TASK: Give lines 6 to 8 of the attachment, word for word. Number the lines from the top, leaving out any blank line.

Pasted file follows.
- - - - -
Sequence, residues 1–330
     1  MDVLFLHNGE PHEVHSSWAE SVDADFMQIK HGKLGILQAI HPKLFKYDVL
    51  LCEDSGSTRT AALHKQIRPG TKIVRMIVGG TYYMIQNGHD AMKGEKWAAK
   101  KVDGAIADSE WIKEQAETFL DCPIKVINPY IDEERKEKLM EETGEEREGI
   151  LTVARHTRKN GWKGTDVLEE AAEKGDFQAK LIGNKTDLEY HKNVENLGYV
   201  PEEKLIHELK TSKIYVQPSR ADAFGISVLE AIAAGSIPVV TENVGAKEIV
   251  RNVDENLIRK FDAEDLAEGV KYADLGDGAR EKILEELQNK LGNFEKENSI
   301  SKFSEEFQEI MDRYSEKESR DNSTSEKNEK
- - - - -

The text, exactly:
   201  PEEKLIHELK TSKIYVQPSR ADAFGISVLE AIAAGSIPVV TENVGAKEIV
   251  RNVDENLIRK FDAEDLAEGV KYADLGDGAR EKILEELQNK LGNFEKENSI
   301  SKFSEEFQEI MDRYSEKESR DNSTSEKNEK